Rep. Copeland

Staff writer Caleb Brubaker spent March 24 in Jefferson City with representative Ron Copeland and writes about a day in the life of our representative.

The life of a Missouri Representative to the State House is a busy one. That’s something that Rep. Ron Copeland found out quickly during the first few months of his freshman term in office.

“I thought I would have a lot more time, but that’s not the case,” said Copeland. His schedule runs at breakneck speed when he’s at the Capitol in Jefferson City. Copeland was elected to represent District 143 (Dent, Shannon, Oregon and Reynolds counties) in November 2020 and was sworn into office Jan. 6. When Copeland is on the hill, in addition to hours spent in session, his schedule is riddled with meetings of all kinds.

Upon arrival at Copeland’s office Wednesday, his legislative assistant informed me that Copeland was already on the house floor prepping for the 10 a.m. session. As I took my seat in the House Gallery, I spotted Copeland seated in the front of the house, just as Speaker of the House Rob Vescovo’s gavel boomed and his auctioneer-like voice echoed through the chambers of the House. I settled in and listened to what bills and resolutions came before the house for discussion and voting.

Copeland’s day began hours before as he prepared for session. Copeland spent the morning reviewing numerous bills that might come before the House that day. Representatives can expect that any bill currently active might be brought before them for discussion or vote, meaning that they have to maintain familiarity with dozens of bills. Copeland said that he often has to review as many as 50 or 60 bills when he prepares for the day.

After the morning session, I met Copeland back at his office where his legislative assistant, Daniel Englelhardt – who Copeland spoke very highly of – provided me a bottle of water and told me to make myself at home in Copeland’s office.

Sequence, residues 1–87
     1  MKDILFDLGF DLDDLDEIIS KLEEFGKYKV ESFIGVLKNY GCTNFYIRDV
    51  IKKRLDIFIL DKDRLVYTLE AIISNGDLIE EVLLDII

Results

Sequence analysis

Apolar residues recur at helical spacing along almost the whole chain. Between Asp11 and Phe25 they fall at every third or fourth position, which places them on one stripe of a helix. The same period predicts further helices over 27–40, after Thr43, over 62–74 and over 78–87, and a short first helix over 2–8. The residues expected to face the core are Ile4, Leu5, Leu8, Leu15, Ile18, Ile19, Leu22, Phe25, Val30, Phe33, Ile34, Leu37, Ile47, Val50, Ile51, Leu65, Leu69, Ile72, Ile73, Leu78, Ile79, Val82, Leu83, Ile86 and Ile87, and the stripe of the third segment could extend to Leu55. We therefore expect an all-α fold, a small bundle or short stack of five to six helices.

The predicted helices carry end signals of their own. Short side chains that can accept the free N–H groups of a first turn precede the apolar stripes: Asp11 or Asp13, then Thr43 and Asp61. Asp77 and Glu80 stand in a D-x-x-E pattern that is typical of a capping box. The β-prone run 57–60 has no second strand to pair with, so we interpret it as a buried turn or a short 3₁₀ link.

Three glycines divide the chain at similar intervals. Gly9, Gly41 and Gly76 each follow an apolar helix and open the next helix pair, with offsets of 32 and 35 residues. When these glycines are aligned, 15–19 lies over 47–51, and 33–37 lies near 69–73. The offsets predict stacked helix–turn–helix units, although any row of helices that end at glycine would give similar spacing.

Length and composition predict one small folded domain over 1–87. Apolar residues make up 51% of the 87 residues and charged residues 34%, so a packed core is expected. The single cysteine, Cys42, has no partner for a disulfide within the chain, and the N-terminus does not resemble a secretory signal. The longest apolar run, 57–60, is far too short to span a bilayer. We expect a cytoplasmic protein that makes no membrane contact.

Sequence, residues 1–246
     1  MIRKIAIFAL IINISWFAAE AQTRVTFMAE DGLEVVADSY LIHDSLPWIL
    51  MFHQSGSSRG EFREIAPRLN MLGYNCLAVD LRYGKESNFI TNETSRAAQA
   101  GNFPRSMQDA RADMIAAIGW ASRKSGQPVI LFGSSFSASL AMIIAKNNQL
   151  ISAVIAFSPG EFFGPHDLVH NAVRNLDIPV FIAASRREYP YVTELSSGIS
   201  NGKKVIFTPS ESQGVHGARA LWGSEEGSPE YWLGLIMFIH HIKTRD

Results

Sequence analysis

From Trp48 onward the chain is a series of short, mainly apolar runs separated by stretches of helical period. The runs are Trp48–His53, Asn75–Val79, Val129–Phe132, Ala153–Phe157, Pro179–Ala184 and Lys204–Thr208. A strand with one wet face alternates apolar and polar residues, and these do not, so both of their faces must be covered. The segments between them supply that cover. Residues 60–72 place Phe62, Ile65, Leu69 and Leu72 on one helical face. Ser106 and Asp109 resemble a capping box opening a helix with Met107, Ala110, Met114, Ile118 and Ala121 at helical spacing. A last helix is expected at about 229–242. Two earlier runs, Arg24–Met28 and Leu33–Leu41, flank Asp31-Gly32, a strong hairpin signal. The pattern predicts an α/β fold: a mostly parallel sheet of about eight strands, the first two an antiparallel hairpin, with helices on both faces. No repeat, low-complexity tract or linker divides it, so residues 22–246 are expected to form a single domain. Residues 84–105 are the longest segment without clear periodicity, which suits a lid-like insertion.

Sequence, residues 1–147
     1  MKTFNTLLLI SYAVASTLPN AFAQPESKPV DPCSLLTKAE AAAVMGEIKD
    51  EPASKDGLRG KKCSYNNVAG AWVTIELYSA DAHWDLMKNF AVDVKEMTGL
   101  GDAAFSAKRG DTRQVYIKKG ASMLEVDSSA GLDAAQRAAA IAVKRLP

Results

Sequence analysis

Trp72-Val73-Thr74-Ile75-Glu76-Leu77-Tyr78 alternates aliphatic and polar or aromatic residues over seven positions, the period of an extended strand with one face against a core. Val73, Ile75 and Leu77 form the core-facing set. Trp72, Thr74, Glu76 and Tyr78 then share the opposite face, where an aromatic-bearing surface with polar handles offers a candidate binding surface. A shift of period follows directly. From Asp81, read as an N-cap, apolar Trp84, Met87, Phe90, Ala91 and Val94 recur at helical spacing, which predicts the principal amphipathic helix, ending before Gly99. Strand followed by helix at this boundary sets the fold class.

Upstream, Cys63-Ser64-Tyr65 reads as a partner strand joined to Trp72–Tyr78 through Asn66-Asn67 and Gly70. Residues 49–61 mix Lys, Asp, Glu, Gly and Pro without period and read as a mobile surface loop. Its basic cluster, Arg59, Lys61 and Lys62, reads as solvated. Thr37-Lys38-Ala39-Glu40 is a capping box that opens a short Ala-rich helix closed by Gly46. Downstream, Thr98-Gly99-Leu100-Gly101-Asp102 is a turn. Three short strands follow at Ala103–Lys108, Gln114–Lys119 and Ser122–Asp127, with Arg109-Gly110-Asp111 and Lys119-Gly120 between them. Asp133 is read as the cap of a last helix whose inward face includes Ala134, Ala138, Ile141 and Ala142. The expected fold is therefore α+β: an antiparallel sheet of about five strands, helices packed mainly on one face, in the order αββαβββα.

Moments later, Copeland arrived with a lobbyist from Cox Health in tow, who approached him after session to discuss an upcoming proposed amendment to a previously passed bill. I sat in on their discussion, watching as Copeland listened attentively to the lobbyist as she explained her employer’s interest in legislation and how the legislation would in her opinion improve the lives of Missourians. The bill they discussed had to do with better maintaining the chain of evidence when victims of sexual assault are brought to the hospital.

Due to Copeland’s expertise in crime and punishment – 28 years of service as a Missouri Highway Patrolman – he was able to ask well-informed and pointed questions. Copeland’s law-enforcement background also led to his being appointed to serve on the Crime Prevention Committee, a committee comprised of 10 people and devoted to legislation relevant to crime prevention.

“I’m also part of an unofficial group of 15 to 20 representatives with law-enforcement backgrounds,” said Copeland. This group allows a discourse about how best to handle law-enforcement related legislation in Missouri.

After the lobbyist exited, Copeland shifted his attention to me. Copeland explained to me about the flow of his work in the legislature and the overall legislative process.